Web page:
Three minute thesis

Lise et Paolo.jpeg

This unique contest gives PhD students exactly three minutes to present their research in an easy-to-understand format to a non-specialist audience from a range of backgrounds. It's quite a challenge: each participant has three minutes – not a second more, not a second less – to present what is typically a five-year project in clear, concise, and convincing terms. The aim is to learn how to boil down often complex research outputs into a simple, audience-friendly format. Participants compete for three prizes awarded by the panel and one decided by audience vote, leading to the national final in Lausanne on 29 June and then, for the holder of the Swiss title, the international final in Rabat, Morocco, on 5 October.

This year, twelve PhD students dazzled the audience and panel with their presentations at the Geneva final on 4 May. The fascinating presentations can be seen here. The FTI is proud to have been represented by Lise Volkart (winner of the third panel prize, which allows her to take part in the Swiss final on 29 June) and Paolo Canavese. We were keen to hear more about their experiences and their research.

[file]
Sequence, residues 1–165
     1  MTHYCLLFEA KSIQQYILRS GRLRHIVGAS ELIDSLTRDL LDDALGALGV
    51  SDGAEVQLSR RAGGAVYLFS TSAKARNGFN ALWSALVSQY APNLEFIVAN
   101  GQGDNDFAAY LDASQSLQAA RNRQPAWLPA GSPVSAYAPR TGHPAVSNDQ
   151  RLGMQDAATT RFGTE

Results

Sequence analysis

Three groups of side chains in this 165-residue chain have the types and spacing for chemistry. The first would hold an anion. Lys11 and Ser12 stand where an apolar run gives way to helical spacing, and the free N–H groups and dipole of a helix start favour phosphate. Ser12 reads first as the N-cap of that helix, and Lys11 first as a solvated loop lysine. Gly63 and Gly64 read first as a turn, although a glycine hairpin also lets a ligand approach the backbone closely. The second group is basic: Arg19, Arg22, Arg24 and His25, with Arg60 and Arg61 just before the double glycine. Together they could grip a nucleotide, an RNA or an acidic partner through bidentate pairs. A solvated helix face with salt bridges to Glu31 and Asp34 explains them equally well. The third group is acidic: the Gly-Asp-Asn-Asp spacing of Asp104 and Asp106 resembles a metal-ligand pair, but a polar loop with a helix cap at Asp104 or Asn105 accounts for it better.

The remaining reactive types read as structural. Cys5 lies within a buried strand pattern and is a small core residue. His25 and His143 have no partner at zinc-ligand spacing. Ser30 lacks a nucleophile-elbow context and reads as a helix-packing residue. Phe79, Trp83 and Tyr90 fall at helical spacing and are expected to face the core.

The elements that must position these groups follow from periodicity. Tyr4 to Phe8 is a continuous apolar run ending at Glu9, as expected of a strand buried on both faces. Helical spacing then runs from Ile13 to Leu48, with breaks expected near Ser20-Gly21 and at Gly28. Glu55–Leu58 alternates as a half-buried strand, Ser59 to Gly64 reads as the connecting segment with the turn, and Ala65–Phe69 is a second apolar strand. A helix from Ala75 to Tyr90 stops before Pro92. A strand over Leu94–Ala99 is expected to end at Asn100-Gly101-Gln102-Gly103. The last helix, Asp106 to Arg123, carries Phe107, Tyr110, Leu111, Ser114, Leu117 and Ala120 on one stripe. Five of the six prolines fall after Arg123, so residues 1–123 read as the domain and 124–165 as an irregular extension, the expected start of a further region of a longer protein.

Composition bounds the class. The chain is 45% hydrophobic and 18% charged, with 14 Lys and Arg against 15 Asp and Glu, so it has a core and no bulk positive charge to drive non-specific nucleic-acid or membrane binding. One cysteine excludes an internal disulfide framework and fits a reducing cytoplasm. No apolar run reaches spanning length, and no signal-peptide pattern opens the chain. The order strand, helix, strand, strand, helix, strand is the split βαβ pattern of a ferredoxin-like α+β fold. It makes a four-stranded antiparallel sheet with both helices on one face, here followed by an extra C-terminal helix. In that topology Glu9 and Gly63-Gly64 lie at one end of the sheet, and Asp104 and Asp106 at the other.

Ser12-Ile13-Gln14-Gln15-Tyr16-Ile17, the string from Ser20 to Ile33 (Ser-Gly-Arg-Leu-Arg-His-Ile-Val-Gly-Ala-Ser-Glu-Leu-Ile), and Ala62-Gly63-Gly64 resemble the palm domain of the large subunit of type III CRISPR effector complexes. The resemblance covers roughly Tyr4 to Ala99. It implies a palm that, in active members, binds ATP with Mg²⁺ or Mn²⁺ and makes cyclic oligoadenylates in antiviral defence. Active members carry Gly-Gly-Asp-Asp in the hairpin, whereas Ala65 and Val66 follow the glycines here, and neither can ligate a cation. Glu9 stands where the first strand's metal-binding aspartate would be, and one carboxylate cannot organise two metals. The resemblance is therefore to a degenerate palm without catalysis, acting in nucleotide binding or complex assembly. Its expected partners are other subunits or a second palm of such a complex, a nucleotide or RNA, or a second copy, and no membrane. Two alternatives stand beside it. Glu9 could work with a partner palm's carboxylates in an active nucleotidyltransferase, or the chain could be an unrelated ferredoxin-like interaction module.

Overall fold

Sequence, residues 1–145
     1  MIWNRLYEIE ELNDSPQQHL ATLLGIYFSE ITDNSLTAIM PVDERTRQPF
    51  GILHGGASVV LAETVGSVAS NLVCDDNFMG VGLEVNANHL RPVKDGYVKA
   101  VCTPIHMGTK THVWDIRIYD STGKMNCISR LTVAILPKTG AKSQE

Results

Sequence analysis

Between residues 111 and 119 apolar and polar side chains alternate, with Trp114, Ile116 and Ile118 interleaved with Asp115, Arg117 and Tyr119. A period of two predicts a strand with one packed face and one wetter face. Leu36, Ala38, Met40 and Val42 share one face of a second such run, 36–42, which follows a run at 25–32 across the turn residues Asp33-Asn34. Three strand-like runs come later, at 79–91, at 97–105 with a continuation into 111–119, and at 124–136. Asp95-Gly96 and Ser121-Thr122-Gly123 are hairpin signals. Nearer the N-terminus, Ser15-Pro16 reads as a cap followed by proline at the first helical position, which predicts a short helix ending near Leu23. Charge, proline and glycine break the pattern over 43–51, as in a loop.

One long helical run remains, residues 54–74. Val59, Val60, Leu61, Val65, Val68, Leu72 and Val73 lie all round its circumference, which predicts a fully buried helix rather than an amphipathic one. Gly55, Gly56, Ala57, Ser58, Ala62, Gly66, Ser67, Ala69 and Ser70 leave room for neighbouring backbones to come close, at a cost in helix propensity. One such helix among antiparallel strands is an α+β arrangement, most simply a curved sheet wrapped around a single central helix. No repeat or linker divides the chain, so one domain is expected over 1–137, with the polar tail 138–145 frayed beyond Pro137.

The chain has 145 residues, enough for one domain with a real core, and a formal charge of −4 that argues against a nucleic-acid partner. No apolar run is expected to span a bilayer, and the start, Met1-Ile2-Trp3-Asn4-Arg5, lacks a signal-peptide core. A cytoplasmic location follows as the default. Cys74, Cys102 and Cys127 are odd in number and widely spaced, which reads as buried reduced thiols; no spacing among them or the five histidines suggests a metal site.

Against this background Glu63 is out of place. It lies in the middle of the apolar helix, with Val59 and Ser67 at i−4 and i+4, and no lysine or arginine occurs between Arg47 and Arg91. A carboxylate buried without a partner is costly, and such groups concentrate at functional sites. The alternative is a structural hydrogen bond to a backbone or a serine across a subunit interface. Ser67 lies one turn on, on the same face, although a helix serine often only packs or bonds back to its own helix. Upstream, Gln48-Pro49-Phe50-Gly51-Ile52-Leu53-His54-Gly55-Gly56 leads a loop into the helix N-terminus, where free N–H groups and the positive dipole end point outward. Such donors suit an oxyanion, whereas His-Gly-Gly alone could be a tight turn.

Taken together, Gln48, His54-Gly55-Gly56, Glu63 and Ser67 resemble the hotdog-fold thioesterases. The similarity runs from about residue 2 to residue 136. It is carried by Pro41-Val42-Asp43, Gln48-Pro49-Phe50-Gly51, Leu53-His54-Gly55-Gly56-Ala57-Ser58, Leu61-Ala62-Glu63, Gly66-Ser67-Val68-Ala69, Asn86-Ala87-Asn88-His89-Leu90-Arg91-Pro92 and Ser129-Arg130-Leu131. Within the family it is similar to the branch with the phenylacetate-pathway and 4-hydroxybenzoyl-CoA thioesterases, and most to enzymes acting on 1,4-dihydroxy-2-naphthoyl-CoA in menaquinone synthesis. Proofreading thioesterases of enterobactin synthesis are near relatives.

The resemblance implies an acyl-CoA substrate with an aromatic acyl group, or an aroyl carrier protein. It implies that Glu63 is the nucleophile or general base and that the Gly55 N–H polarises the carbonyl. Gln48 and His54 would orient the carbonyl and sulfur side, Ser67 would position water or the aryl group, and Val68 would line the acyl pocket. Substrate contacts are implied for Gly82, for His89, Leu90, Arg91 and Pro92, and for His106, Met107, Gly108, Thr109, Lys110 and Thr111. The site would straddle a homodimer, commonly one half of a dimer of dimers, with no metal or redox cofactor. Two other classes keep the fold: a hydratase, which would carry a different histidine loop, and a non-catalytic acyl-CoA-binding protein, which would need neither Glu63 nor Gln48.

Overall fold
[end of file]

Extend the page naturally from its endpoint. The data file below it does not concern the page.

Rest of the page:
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Spotlight on... Lise Volkart

Lise Volkart graduated from the Institut libre Marie Haps in Brussels with a degree in translation and interpreting before moving to the FTI for a Master in translation technology. Since 2020, she has been a PhD student and assistant at the Department of Translation Technology. Her thesis, "Traduction automatique neuronale et post-édition : vers une uniformisation des textes traduits ? Étude sur la langue post-éditée, ou post-editese, en contexte professionnel", seeks to identify the traces left by machine translation in everyday texts.

What made you sign up for the MT180 contest this year, and how do you feel about it now?